“Have you thought about hiring a private investigator?” Beth asked. And then we laughed because, no, neither of us is hiring a P.I. Do you know how expensive a P.I. is? How much money does adoption think we have?

I might not need to dig too deep anyway, because I have a name. When I was 25, my mom drove to my city, bought me brunch, and gave me a letter she claimed to have just discovered in our basement. It’s a note dated August 11, 1988 and printed on the adoption attorney’s letterhead. The attorney gently asks my parents to pay their remaining balance in attorney’s fees ($13.60) and concludes with the sentence “We wish you much happiness with Harris.”

My birthmother’s name is right there. It’s not a common name.

I found her on Facebook last weekend in under an hour. She’s married with three kids, a new last name, and a beach house in Jersey. She has bangs. She has blond highlights. She has a son named Dominic. Her profile photo is a Yorkshire Terrier. I’m terrified of messaging her.

(Also, it totally might not be her? Her married name is super common and four friends have told me she looks nothing like me. LOL if I’ve been stalking some random lady in New Jersey!)

Last night, I dreamed I met my biological dad in a coffee shop a few blocks from my apartment. (It’s this Moroccan café that’s also sort of a lifestyle brand? They put pink lids on their cups and sell teensy $13.00 acai bowls.) I didn’t look anything like my dad, so I was sus the whole time and asked him to take a paternity test in the middle of the coffee shop (a normal request in Dreamland). He explained that he is Uruguayan and my mom is Bangladeshi. Then he walked into my apartment and I didn’t even offer him water. I turned to one of my best friends, who was standing right behind me, and screamed “THAT’S MY DAD!”

“All I want is to walk by a restaurant,” Beth said, “and for someone to point to her through the window. I just want them to say, ‘See that person right there? That’s her.’ I’d look at her and keep walking. That would be enough for me. I don’t need to meet her.”

My fantasy is slightly different but the gist is the same: My birthmother beams into my apartment like Captain Kirk. She stands next to my kitchen-table-slash-work-from-home-desk and gives me her complete medical history. She tells me if I was delivered naturally or via C-section. She writes my father’s name on a piece of paper and presses it into my palm. She tells me how and where they met, what she saw in him, or didn’t see in him, or almost saw in him, and why it’s taken so long for her to beam into my apartment like Captain Kirk. She itemizes every one of my facial features and tells me where it comes from. Without explicitly saying any of these things, she somehow communicates that she is sorry and proud and happy and regretful and has no regrets, all at the same time. And then she leaves. We never speak again.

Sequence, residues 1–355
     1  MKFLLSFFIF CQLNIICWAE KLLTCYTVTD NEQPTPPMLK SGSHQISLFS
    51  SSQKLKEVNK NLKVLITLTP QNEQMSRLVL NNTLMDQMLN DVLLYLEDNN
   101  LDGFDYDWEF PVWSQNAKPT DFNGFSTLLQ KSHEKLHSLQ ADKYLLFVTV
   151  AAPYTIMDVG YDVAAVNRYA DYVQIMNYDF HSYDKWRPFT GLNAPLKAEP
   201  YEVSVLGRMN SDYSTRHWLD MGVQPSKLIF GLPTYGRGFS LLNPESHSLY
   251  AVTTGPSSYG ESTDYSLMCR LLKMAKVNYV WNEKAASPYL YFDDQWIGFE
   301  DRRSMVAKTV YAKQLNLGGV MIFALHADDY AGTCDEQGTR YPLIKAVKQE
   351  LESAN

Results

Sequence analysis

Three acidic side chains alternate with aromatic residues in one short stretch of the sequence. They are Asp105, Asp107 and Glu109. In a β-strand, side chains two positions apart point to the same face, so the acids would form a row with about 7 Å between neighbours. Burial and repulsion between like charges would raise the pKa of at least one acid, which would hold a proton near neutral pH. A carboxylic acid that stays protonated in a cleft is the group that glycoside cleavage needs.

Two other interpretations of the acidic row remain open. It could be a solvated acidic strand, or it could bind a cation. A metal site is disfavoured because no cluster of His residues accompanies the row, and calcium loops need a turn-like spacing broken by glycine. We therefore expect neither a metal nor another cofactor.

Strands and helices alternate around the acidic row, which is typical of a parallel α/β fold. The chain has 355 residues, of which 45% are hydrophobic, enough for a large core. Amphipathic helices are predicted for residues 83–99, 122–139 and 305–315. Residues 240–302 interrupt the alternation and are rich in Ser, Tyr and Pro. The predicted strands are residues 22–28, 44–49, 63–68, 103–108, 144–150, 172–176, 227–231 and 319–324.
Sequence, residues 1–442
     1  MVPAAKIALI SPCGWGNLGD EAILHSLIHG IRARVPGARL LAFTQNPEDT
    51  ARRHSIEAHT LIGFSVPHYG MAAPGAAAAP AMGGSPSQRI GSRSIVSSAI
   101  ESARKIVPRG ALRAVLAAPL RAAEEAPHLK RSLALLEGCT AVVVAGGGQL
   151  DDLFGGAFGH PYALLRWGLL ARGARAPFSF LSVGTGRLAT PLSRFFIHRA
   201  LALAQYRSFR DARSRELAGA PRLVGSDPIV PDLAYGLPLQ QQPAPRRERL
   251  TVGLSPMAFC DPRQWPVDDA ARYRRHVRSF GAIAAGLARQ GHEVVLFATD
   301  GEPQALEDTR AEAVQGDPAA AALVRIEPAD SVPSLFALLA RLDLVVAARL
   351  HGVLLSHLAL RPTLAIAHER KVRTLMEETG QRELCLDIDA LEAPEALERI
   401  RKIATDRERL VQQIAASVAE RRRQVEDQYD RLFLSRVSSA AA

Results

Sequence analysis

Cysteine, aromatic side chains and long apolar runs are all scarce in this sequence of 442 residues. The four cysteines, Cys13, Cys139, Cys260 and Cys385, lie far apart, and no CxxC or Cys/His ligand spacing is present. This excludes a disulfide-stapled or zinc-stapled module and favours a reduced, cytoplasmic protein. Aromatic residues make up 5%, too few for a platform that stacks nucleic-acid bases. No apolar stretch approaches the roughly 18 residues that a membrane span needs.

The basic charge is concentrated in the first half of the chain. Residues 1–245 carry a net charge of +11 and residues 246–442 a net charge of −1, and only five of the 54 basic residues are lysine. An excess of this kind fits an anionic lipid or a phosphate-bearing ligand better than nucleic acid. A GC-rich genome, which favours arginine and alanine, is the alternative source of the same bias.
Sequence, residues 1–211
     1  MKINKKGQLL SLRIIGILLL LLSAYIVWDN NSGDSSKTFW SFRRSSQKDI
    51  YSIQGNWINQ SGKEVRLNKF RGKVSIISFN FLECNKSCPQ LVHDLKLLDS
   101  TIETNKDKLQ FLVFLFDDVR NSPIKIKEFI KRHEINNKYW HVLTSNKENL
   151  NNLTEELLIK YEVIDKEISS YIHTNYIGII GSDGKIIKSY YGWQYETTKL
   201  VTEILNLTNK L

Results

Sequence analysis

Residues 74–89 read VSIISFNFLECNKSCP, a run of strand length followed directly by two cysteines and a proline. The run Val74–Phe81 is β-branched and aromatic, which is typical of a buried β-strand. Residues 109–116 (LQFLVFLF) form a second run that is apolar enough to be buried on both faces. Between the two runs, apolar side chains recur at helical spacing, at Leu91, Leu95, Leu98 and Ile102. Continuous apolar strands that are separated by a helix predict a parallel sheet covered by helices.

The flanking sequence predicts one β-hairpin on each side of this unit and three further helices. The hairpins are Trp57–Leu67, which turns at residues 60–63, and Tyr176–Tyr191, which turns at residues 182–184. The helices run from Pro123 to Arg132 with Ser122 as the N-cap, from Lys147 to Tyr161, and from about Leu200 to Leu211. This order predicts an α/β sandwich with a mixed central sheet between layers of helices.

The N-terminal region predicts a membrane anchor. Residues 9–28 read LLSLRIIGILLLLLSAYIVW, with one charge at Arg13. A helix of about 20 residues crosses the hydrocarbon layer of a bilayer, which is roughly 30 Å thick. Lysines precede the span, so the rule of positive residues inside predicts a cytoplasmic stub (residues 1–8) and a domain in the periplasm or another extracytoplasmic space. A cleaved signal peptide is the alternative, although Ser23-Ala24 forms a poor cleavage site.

“I’m not in any rush to find her,” Beth said, and I nodded. “As soon as it’s time, I’ll know.”

When I started writing this, I thought by the end I’d know what to do. I don’t. I’m covering up my not-knowing-what-to-do with over 1,500 words at this point, and I realize a lot of those words boil down to fear. I know most adoption reunions aren’t made-for-TV, or even made-for-blogs. I’m scared of messaging a total stranger. I’m scared of getting hurt. I’m scared of derailing my life out of casual curiosity. That’s obvious to me now.

Most of the stories I’ve read about adoptees fall into one of three categories: They’re actively searching, they’ve completed the search, or they’ve chosen to be content not knowing. I’m writing this in the space between those choices. The distracted, ambivalent, half-hearted middle state where I’m just thinking really hard about it and doing… not much.

My life is fine. It’s sometimes surprising and wonderful and even categorically Good. 35 years ago, some lawyer in Philadelphia took me out of one story and put me into another for a few thousand dollars plus $13.60. I glided along okay, worked really hard at points, and ended up here. I pay my taxes, I do my job, I eat organic yogurt and drink overpriced coffee and send my mom little Mother’s Day bouquets I never see because I order them over the phone. “Look to your future, not to your past. Never call me again,” another adoptee’s maternal grandmother said when she tried to contact her birthfamily, and I can’t get that comment out of my head.

Things would be easier if I could simply “look to my future,” but curiosity is an elemental human trait and I want to know where my face comes from. We all want to put ourselves in context, to zoom way out and see ourselves as tiny dots on a map full of other dots. “Every birthmother I’ve spoken to says the same thing: ‘Not a day goes by when I don’t think about what happened,’” explains an adoption psychologist in a popular lecture adoptees quote on Reddit. If I’m thinking about it — writing about it — my birthmother is, too. My life is her alien civilization. She thought about me this week, she thought about me today, she thought about me in the last 10 minutes. It’s a feeling I’ve been living with for nearly 36 years. I’m curious how life will feel without it.